One of the most important steps you can take to prevent getting sick and spreading germs to other people is by washing your hands.

Staying Safe During the Winter Months

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As winter hits us with full force, there will be holiday gatherings and fun in the snow; but we must also remember that there are a number of hazards, especially for mature adults, that we should watch for.

In particular, seniors should be mindful of hypothermia, falling on icy pavements, and the flu or pneumonia.

Bundle Up

Our bodies lose heat faster as we age, and we experience changes in our bodies that can make it harder to be aware of getting cold.

Dressing appropriately for the weather is important. Wear layers of light, warm clothing; mittens; hats; scarves; and waterproof boots. In addition, make sure to have a plan in place for weather-related emergencies, including power outages.

In addition, to preventing hypothermia, set your heat to at least 68–70°F or higher if needed, dress warmly on cold days even if you are staying in the house, and don't be afraid to ask family or friends to check on you during cold weather.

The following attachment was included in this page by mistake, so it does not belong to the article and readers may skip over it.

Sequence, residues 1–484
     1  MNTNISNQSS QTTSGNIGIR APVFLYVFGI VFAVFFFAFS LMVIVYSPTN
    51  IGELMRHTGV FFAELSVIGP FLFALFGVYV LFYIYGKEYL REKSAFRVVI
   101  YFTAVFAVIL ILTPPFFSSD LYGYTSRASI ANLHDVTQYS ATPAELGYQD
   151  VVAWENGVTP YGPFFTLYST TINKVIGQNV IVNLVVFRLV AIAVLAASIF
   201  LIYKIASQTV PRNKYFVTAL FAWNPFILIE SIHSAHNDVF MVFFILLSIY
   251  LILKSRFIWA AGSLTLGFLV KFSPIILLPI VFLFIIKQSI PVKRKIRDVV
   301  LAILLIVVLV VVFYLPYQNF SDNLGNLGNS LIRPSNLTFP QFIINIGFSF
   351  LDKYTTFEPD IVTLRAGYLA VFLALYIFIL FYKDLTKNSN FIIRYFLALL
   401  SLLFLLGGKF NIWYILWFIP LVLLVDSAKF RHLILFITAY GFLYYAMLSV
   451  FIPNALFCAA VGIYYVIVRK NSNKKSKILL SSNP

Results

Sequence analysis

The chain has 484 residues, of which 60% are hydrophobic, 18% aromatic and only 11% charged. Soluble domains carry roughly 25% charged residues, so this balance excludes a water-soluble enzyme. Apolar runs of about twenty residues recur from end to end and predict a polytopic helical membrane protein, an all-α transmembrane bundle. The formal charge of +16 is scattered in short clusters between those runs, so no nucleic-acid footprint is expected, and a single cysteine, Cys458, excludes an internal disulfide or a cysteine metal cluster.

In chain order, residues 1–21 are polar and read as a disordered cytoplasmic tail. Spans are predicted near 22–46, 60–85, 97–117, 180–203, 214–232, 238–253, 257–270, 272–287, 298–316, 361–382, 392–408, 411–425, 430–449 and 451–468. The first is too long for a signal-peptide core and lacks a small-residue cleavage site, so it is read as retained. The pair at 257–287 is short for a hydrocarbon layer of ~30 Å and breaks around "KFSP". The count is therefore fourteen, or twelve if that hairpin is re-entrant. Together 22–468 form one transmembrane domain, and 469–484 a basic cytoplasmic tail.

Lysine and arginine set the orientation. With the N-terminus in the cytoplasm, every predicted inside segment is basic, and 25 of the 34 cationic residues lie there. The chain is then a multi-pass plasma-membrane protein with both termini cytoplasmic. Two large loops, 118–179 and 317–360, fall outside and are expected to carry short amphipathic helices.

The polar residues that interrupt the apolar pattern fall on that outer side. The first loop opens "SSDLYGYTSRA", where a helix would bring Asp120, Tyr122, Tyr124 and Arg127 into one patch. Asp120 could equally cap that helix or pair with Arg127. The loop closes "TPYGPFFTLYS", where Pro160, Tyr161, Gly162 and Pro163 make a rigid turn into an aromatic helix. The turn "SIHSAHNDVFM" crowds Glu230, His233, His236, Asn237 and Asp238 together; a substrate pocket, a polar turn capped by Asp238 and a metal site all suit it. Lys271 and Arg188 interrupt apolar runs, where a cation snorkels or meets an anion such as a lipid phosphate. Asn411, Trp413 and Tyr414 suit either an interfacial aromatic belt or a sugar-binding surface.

Watch for Fall Hazards

Unfortunately, falls are common among senior citizens, especially during the winter. Icy, snowy roads and sidewalks make it particularly easy to slip and fall, and these falls can cause major injuries such as hip and wrist fractures. While younger people recover fairly quickly from these sorts of injuries, older adults may often experience complications, which are a leading cause of death from injury in people over the age of 65.

Experts advise that seniors wear shoes with good traction and non-skid soles. If you use a cane, be sure to replace a worn tip to make walking easier, as well.

Keep the Bugs Away

Older adults' immune systems grow weaker with age, putting them more at risk for illnesses and additional complications from those illnesses. Furthermore, the strain on the body with an already existing health problem can increase when an additional illness is acquired, including the flu.

Seniors should get their flu vaccines every year, and their loved ones who around them should as well. The flu ranges from being mild to severe and can cause severe complications for children, seniors, and people with other health conditions.

For seniors, a single hospitalization can be life-changing, leading to deterioration of muscle strength and loss of independence. It's critical to stay out of the hospital and to maintain your health. Vaccinations will reduce the risk of complications, such as pneumonia, which may result in hospitalization or even death.